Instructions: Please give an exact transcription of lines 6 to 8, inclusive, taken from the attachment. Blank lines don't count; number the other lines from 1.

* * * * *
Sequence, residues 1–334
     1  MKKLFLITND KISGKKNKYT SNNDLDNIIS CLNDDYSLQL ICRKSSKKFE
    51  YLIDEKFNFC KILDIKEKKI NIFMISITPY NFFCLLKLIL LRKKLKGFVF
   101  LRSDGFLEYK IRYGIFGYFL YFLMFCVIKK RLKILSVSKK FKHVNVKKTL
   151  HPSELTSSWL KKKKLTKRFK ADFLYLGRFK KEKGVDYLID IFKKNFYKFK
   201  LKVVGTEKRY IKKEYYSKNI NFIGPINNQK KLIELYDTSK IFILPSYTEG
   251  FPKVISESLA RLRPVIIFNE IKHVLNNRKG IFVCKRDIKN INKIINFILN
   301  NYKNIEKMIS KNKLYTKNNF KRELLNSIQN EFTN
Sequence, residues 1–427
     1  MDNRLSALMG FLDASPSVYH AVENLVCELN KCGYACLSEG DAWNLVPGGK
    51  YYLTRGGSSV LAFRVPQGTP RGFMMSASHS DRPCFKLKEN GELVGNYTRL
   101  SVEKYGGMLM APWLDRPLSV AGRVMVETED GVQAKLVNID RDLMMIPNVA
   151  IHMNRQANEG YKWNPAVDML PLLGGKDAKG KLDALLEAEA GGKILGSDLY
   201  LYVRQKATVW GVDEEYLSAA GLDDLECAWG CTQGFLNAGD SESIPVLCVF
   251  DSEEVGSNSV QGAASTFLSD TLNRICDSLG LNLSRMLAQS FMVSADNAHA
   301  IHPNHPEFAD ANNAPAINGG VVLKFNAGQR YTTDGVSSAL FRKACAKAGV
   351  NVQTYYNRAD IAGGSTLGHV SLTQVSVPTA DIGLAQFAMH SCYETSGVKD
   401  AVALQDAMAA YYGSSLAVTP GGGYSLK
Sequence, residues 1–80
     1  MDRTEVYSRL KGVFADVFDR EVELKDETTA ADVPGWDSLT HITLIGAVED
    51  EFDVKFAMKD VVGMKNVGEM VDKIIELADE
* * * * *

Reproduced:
   201  LKVVGTEKRY IKKEYYSKNI NFIGPINNQK KLIELYDTSK IFILPSYTEG
   251  FPKVISESLA RLRPVIIFNE IKHVLNNRKG IFVCKRDIKN INKIINFILN
   301  NYKNIEKMIS KNKLYTKNNF KRELLNSIQN EFTN